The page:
Reading fast is important but of course you should not read fast for the sake of reading fast, you should retain info as well. I am not a native speaker and here is what works for me:
- Read carefully, underlining names, opinion cues (some scholars, some experts, that dude etc.), certain phrases (for example), words reflecting author' opinion (X rightly thought that etc.).
- Read once, return to the beginning of a sentence only if it made no sense at all. (This happened to me once in 33 PTs, a passage about someone's ideas about legal objectivism and some such? Some analogy about winning a game which had illegal rules or sth, cannot remember now)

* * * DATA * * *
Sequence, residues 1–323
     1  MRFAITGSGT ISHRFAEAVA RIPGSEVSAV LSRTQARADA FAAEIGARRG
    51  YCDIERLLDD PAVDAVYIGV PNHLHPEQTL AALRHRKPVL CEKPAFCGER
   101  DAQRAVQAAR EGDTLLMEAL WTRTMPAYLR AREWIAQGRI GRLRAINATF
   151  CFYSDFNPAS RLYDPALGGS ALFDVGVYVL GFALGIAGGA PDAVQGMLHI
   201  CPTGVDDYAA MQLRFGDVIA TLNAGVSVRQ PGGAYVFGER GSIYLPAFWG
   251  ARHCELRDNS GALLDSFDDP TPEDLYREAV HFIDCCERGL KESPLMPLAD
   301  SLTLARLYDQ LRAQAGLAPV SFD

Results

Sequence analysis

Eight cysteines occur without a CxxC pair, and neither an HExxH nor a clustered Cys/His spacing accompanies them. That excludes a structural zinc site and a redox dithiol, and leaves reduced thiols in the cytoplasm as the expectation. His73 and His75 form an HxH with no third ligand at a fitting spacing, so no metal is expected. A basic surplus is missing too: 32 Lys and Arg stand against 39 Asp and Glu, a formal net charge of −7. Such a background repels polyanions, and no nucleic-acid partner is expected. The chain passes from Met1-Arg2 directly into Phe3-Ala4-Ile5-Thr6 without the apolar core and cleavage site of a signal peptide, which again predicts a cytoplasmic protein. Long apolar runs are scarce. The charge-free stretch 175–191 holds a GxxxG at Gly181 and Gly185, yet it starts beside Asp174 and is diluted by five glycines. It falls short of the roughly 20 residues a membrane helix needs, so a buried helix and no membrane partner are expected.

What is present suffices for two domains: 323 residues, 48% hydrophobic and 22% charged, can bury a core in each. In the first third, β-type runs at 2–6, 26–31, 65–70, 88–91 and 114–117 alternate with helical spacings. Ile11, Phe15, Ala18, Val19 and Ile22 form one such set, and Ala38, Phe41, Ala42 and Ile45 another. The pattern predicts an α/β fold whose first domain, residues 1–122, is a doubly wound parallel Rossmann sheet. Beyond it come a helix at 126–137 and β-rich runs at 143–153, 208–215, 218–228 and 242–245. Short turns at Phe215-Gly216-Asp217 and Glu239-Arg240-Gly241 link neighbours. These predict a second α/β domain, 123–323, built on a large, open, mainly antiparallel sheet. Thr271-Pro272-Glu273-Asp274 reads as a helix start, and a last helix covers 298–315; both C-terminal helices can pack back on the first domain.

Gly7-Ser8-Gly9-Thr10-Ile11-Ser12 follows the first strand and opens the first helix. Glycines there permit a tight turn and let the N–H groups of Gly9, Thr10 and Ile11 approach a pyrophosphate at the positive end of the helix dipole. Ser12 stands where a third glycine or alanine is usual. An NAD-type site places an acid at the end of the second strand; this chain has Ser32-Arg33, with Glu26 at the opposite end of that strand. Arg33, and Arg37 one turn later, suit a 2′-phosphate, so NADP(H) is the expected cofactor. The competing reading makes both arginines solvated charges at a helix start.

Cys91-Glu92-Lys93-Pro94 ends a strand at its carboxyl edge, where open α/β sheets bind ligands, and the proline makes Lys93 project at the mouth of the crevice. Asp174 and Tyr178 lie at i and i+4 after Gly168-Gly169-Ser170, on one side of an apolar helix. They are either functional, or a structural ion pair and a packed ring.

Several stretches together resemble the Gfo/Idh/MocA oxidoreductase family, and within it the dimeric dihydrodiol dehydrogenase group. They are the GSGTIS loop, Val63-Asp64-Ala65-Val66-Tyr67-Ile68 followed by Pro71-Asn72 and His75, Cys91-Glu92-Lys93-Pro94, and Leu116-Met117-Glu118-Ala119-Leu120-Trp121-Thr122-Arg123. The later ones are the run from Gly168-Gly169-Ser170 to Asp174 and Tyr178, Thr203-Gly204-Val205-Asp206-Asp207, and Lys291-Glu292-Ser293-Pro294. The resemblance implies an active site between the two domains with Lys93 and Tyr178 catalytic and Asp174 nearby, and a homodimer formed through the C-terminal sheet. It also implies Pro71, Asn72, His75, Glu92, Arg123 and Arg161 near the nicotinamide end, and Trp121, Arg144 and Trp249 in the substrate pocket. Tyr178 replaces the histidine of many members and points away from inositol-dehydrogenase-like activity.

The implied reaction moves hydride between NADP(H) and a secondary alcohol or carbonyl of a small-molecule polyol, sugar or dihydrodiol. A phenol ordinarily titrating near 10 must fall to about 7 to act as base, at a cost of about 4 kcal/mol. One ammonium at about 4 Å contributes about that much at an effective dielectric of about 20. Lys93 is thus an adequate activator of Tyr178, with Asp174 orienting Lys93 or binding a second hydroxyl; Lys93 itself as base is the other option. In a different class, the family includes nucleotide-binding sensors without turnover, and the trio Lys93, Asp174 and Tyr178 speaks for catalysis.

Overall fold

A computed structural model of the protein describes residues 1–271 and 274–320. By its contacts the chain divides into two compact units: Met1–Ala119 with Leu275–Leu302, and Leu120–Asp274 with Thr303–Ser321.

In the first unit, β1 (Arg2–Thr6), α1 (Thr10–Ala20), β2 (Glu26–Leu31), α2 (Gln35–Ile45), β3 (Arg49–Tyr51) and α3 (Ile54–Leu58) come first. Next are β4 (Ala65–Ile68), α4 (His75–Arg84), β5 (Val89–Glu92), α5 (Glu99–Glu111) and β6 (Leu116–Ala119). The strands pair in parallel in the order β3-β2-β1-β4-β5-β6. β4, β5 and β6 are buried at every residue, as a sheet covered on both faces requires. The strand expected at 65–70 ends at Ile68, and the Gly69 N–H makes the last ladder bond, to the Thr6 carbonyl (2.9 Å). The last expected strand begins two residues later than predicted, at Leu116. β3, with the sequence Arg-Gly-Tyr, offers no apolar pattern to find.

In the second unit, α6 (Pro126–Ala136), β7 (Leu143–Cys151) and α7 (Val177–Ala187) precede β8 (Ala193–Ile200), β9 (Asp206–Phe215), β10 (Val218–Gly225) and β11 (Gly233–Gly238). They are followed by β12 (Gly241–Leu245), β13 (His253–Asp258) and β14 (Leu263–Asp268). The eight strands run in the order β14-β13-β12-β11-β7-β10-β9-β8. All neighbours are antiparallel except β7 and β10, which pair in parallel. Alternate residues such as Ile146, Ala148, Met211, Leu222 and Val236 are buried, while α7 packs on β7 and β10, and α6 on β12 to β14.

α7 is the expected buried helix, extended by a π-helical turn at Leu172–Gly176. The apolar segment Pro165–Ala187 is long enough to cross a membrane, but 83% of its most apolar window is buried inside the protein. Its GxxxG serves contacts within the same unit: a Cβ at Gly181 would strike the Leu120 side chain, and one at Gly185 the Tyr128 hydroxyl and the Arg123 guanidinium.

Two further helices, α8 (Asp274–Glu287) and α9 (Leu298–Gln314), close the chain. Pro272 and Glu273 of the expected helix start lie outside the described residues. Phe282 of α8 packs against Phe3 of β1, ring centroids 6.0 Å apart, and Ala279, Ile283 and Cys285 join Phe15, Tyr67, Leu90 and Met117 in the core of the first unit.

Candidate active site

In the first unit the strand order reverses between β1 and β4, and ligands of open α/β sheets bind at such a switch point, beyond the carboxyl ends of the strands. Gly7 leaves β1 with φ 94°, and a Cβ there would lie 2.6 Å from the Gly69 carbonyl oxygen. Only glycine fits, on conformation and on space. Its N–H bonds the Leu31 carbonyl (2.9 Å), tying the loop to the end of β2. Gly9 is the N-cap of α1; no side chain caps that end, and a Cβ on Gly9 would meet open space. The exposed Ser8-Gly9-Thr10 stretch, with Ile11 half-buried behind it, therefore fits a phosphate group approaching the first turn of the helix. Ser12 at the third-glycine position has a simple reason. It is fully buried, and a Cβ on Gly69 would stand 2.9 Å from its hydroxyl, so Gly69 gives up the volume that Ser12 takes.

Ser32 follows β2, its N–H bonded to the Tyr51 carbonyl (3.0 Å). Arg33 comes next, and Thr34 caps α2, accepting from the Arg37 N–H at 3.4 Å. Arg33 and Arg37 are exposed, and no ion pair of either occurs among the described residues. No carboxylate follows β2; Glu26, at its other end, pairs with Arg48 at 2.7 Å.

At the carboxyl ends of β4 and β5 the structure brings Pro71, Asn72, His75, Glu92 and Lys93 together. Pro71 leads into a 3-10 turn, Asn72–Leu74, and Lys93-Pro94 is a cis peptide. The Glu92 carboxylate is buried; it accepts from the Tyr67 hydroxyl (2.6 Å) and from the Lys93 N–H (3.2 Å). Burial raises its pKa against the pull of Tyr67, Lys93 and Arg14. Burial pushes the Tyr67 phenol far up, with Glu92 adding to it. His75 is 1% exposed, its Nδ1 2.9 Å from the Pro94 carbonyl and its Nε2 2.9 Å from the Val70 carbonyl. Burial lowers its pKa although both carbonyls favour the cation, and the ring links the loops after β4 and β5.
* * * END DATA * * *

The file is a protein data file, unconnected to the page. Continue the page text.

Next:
- When you get to the questions, the question forms are pretty much same for all passages, if it asks main point think about the whole passage, eliminate answers that encompass only one paragraph of the text, unrelated ones etc; if it was a passage with a lot of opinion shifts, counterexamples and what not, usually the longest answer wins. (Despite evidence to the contrary bla bla bla yarr yarrrr )
- If it asks author's opinion, go to words you underlined, let us take a look, (Newton was awesome), firm support or something like that should do it.
- Similarly just refer to words you underlined and related areas of the passage that you imprinted on your mind during your first pass, that's it.